3. "What size coop do I need?" As for the coop, bigger is better. Bigger IS better. BIGGER IS BETTER. Get the picture? Always buy a larger coop than what is required. The rule of thumb is 2 to 3 square feet per chicken inside the hen house and 4 to 5 square feet for the outside run.

Most important, invest in a coop that keeps your flock safe from local predators. And keep it clean. A good sweep out with fresh bedding every other week should do the trick... though I clean it almost every weekend, especially during the messy months. A thorough spring cleaning is also required. You do it in your own home; they deserve the same!

4. "Are we allowed to keep chickens in our town?" Your local city/town ordinances make clear whether or not you can keep chickens, roosters, and how many are allowed. Check with the website, Backyard Chickens, in their Raising Chickens Basics page for more information on this and other "basics" questions.

5.  "What about the neighbors...will they complain?" Most neighbors will enjoy your chickens. The soft clucking from your hens is non-intrusive, certainly preferable to a yapping dog. Check in with them to let them know you are about to embark on this exciting journey, butter them up with fresh eggs, and you will have loyal fans forever.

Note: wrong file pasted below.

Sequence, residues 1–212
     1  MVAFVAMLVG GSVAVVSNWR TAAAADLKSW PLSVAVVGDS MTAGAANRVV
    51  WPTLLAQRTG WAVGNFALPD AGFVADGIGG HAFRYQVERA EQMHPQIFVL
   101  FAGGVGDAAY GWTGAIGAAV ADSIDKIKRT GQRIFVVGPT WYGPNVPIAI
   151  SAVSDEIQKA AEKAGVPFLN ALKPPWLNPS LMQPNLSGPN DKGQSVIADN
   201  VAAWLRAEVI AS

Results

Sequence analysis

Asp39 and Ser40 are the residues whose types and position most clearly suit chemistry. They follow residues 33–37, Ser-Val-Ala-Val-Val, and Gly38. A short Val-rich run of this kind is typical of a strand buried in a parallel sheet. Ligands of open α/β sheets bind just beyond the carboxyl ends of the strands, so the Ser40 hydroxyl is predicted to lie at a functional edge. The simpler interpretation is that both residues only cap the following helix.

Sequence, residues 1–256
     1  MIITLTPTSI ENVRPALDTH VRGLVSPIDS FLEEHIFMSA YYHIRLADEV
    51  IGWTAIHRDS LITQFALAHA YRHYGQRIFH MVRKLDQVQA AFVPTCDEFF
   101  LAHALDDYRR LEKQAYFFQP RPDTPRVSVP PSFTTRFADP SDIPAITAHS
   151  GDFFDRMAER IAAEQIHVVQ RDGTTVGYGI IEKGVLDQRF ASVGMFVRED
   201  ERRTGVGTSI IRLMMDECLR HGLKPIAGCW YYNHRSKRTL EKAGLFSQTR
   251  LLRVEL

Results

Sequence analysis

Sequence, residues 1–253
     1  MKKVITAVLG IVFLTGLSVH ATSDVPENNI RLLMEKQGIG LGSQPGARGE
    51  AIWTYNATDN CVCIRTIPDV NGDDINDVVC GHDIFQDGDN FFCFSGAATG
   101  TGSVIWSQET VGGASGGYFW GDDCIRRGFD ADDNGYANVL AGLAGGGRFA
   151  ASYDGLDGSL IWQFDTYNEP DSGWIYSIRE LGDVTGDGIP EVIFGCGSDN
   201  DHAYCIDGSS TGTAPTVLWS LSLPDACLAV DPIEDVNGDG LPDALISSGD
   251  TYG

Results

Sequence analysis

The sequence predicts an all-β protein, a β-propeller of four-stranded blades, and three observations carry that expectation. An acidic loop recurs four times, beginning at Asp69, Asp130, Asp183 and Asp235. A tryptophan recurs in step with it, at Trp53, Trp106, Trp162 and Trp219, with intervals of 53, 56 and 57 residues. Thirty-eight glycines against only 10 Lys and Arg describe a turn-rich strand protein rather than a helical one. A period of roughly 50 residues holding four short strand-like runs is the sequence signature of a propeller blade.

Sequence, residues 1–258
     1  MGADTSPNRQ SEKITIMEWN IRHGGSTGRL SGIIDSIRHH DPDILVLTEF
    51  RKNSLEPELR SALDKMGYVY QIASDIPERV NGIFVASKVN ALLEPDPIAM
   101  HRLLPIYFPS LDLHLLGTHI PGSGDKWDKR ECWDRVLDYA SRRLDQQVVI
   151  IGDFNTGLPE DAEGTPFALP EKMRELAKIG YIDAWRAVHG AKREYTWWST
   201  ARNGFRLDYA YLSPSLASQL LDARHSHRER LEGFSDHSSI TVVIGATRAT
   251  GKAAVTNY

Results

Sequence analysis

Oh, and if you live on limited acreage, train them to stay near their coop, only free ranging them an hour before dusk (the girls will go in automatically at night to roost). Now, roosters are a different story. Which brings us to question #6.

6.  "Do you need a rooster for your chickens to lay eggs?" No, you do not need roosters to have eggs. Chickens make them regardless, and wouldn't you rather eat unfertilized eggs, anyway? Some of us who are vegetarian-ly inclined might find the alternative rather icky in concept.

And roosters are most definitely not welcome in suburban, not to mention urban landscapes. They are loud, aggressive, and will tick off your neighbors. So, unless you live on a a generous parcel of land, and don't mind the daily "Cock-a-doodling" as well as finding that your flock keeps expanding exponentially each year, I don't recommend them.